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According to scientists, your brain isn’t built for multitasking and managing the barrage of information it faces daily. The best way to protect it is to practice single-taking.
You think that you can respond to emails, text messages, toggle between multiple tabs on a browser, and scroll through social media feeds, whilst working on important tasks — but, your brain would say otherwise. When we try to multitask, we damage our brains in ways that negatively affect our well-being, mental performance and productivity.
Multitasking can lead to permanent brain damage
A study from the University of Sussex (UK) compared the brain structure of participants with the amount of time they spent on media devices i.e. texting or watching TV. The implication of their findings, is that multitasking could permanently alter brain structure after a long period of usage.
Multitasking reduces efficiency and mental performance
According to Earl Miller, a neuroscientist at MIT, “when we toggle between tasks, the process often feels seamless, but in reality, it requires a series of small shifts.”
Each small shift leads to a cognitive cost. It takes an average of 23 minutes and 15 seconds to refocus on a task after an interruption. And that’s just one interruption!
Multitasking reduces focus and concentration
Multitasking creates an addiction, effectively rewarding the brain for losing focus and for constantly searching for external stimulation. Each time we multitask we train our brains to lose focus and get distracted.
Multitasking could make you dumber
A study conducted by the University of London, found that participants who multitasked, experienced drops in IQ points, down to the average level of an 8-year old child.
Studies have also shown that multitasking also hinders learning. On average, students who multitask, had a lower GPA and grades, than those who didn’t. Quality focus and attention is required for learning.
Multitasking creates stress and anxiety
Multitasking increases our brain’s production of cortisol, a hormone that creates stress. Once we’re stressed and mentally fatigued, anxiety builds up. And this leads to stress builds up. It’s a vicious cycle of constant stress and anxiety.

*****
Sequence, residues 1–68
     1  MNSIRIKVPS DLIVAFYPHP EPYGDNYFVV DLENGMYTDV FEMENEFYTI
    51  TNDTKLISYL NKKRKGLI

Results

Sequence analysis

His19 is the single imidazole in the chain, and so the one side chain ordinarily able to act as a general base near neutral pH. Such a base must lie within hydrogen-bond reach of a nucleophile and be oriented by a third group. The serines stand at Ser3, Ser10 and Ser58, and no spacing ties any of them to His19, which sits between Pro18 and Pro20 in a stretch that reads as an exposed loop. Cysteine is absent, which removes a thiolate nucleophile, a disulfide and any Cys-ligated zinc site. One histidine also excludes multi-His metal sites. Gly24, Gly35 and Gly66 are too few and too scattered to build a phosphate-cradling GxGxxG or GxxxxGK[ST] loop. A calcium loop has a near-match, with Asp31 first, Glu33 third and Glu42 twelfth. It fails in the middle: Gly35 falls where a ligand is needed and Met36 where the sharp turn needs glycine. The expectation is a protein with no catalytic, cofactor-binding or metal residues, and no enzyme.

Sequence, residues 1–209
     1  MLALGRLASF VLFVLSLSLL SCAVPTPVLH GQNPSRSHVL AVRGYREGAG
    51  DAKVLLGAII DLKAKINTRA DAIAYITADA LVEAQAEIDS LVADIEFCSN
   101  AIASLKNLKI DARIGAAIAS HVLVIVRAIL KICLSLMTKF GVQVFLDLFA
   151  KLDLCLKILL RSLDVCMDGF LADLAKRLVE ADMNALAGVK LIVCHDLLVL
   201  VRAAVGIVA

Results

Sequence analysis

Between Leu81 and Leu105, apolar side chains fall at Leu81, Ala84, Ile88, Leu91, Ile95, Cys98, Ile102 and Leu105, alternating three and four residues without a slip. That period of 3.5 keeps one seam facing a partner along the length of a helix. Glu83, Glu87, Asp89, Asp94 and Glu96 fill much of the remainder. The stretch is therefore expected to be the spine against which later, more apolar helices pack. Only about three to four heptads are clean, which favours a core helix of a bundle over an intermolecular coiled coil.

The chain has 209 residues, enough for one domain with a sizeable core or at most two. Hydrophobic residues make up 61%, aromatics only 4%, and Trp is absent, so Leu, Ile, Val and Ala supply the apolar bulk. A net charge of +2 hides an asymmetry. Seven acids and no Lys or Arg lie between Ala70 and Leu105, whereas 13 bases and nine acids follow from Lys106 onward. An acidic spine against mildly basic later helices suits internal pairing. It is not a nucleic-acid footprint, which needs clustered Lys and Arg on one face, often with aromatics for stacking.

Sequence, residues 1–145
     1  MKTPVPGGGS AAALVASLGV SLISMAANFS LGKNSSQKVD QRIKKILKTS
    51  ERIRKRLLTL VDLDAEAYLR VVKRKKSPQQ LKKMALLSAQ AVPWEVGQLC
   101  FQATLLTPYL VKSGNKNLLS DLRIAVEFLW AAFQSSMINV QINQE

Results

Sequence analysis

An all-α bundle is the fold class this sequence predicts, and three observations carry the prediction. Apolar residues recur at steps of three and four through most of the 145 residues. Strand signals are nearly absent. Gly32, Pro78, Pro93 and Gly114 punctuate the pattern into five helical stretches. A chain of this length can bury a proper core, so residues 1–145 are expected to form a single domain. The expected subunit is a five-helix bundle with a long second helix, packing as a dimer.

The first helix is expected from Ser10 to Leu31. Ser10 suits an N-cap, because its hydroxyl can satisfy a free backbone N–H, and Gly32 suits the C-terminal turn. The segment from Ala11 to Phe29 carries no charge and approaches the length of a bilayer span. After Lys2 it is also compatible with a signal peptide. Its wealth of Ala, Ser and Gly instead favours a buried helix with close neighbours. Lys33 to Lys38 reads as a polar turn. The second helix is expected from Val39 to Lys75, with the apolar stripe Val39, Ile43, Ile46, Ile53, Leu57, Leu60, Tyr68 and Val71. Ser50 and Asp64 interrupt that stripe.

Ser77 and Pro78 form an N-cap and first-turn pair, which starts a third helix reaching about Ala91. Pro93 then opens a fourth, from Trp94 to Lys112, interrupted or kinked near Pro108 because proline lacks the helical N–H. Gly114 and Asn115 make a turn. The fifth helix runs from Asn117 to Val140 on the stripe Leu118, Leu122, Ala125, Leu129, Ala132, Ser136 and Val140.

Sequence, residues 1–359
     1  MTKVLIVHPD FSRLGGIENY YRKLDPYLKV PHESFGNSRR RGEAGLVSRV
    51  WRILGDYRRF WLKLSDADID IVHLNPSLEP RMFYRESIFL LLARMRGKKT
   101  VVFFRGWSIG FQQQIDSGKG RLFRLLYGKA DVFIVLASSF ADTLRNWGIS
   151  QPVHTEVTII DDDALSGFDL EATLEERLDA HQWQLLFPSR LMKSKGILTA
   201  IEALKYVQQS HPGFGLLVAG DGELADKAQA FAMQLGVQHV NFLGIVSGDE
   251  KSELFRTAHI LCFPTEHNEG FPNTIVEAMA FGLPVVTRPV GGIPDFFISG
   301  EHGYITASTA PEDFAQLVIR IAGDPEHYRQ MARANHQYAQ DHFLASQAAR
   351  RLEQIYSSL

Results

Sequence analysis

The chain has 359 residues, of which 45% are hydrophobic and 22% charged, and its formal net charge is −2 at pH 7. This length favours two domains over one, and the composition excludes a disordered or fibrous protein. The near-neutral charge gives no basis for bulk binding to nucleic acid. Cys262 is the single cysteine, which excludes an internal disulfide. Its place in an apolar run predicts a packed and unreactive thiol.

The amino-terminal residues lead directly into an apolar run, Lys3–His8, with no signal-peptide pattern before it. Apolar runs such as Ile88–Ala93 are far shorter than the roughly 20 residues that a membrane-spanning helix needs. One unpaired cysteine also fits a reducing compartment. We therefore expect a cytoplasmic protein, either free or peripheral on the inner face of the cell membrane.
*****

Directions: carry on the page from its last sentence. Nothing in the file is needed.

But, not all multitasking activities are equally stressful. By far one of the main stressors is email inbox. Excess cortisol is produced, when we switch between reading and responding to emails. Therefore, declutter your email inbox as soon as possible.
Multitasking kills creativity
Innovative thinking comes from extended concentration. When you try to multitask, you typically don’t get far enough down any road to stumble upon something original because you’re constantly switching and backtracking. Breakthrough ideas would pass you by during moments of multitasking.
Multitasking could reduce emotional intelligence
Emotional intelligence is a common trait within 90% of top performers in any field. Multitasking could damage the part of the brain responsible for emotional intelligence. Two key components of emotional intelligence, self and social awareness, could diminish significantly due to multitasking.
Multitasking causes overwhelm and burnout
Multitasking is taxing on the brain and drains precious energy. Shifting attention from one activity to another causes our brain to burn up oxygenated glucose, the same fuel they need to stay on task. Rapid, continual shifting we do with multitasking causes the brain to burn through fuel so quickly that we feel exhausted and disoriented after even a short time. We’ve literally depleted the nutrients in our brain.
Multitasking leads to stupid decisions
Multitasking and constantly switching between tasks also hurts decision-making skills. This leads to the build up of decision fatigue and deterioration of quality decisions after you’ve made a long series of decisions. After making lots of insignificant decisions, we can end up making truly bad decisions about something important.
Protect your brain and productivity
The best way to protect your brain is to practice single-taking. Focus on one thing at a time and take breaks every hour and half, to regain your energy.
Work in a distraction free environment — keep phones and media devices out of sight.
Multitasking feels good, but it isn’t worth your time, energy and certainly, not your brain.
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